For example, lets say that a man named Adam deeply dislike people he consider to be “homosexual”. Adam has (A) a lot to say about how filthy and disgusting he consider “that kind of people” to be, and (B) about how sexuality is “meant” for procreation. He's always (C) talking about gay people as “them”, always taking for granted that the people he talks with are heterosexual – the “us” that isn't “them”. He assume that everyone is heterosexual, unless they do sexual activities in public with people of the same gender – and he has a very negative view of anyone who would have sex in public. Of Adam's coworkers, Beatrice has a girlfriend and consider herself a lesbian. But she (D) doesn't dare to out herself or otherwise stand up to Adam, and is thus assumed to be heterosexual. Meanwhile, Adam often (E) accuse another coworker named Cedric of being “gay” or “a faggot”, refusing to hang out with him and thus making it impossible for Cedric to join social activities with any group of coworkers that contain Adam or any of his friends. This is in spite of Cedric only being attracted to women, and (F) often pointing this out.
This example is an example of several facets of categorism:
- A: Stigmatization and unchecked aversion, on an individual level: Adam expressing his personal bigoted emotions.
- B: Invisibilization, incomprehensibilization and stigmatization, on a dogmatic level: Adam taking part in construction a worldview where there's no room for gay people (or for anyone else who have relationships for love or pleasure), where it shouldn't be possible to understand gay people, and where there must be something deeply wrong with gay people.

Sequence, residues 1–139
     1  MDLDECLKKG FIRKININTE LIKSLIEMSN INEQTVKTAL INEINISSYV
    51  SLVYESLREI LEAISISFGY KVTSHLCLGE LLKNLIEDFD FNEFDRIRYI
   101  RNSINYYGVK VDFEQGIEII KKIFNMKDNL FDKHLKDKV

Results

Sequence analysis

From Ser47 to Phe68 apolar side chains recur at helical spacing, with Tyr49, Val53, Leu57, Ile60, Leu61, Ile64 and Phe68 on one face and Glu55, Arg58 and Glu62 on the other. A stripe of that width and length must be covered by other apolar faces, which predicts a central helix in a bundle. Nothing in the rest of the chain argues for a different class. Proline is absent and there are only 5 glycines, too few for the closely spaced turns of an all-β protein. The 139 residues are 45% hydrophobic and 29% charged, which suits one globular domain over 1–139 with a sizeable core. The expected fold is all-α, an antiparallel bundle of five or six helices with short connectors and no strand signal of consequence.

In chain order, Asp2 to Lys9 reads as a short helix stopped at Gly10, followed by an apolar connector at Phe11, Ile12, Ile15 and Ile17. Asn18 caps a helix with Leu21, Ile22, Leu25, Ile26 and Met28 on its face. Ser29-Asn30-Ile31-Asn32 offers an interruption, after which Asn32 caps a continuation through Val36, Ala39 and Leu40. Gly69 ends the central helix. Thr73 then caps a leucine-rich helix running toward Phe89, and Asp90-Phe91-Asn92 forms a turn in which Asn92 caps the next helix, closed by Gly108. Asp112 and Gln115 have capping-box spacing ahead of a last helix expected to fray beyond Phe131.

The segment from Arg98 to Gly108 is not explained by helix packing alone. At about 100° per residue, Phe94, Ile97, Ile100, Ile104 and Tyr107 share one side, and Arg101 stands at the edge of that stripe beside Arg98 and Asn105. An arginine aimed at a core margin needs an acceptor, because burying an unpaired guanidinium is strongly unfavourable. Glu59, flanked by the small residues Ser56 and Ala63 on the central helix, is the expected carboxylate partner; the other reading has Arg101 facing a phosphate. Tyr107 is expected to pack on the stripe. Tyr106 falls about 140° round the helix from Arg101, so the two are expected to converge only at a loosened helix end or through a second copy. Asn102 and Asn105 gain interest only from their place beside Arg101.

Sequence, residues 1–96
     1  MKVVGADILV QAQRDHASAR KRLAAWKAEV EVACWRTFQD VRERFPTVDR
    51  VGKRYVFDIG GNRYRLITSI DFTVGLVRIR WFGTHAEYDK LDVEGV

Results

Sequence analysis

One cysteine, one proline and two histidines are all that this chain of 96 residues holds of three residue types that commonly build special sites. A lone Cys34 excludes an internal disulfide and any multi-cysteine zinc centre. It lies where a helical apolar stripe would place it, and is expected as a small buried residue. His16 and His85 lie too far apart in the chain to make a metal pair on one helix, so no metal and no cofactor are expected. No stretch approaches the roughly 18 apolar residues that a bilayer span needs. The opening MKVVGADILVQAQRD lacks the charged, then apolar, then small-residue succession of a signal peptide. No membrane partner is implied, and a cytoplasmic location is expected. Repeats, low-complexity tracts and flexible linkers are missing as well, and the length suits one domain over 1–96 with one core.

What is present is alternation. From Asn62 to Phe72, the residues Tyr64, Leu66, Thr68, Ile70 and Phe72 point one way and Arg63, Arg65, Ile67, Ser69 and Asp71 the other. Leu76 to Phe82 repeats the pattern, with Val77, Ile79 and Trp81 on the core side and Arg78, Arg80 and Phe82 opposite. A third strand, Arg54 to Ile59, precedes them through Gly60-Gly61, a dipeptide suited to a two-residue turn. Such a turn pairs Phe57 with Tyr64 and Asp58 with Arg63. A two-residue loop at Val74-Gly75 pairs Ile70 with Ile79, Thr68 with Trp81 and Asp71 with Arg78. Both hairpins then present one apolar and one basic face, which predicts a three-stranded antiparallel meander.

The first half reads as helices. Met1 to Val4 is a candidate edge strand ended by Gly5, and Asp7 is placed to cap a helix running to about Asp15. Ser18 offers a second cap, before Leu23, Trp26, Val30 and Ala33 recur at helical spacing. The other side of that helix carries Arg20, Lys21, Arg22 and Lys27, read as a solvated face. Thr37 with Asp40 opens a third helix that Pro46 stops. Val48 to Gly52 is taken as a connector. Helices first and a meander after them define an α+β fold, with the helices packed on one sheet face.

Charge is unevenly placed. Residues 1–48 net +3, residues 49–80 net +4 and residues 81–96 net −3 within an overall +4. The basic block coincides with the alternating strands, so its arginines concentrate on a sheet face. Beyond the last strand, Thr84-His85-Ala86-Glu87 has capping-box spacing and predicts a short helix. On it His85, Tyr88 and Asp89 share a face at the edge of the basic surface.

- C: Othering. On an individual level from Adam, on a group level from the coworkers who let it happen, and also on a systemic level if they live in a society where this is common and commonly accepted. Also reduction and representation bias, as Adam reduce gay people to sexual acts and assume almost everyone to be heterosexual – gays who don't misbehave doesn't count as “gay” to him.
- D: Invisibilization on a structural level: Beatrice live in a social context where people are assumed to be heterosexual. In such a society, a gay person often have to decide between outing herself (and possibly face dire consequences if she does) or be conscripted into assumed heterosexuality. While straight people generally don't have to face that dilemma.
- E: Demonization, categorist slurs, othering and marginalization, on an individual level: Adam doing this to Cedric.
- F: Othering, on a group level: To defend himself against Adam's attacks, Cedric enters a discursive alliance with Adam. Cedric construct himself as belonging to the group, being “one of us”, by helping Adam to construct gay people as being “the other, not us”.
Thus, this simple situation contains at least ten identifiable facets of categorism: Stigmatization, unchecked aversion, invisibilization, incomprehensibilization, othering, demonization, categorist slurs marginalization.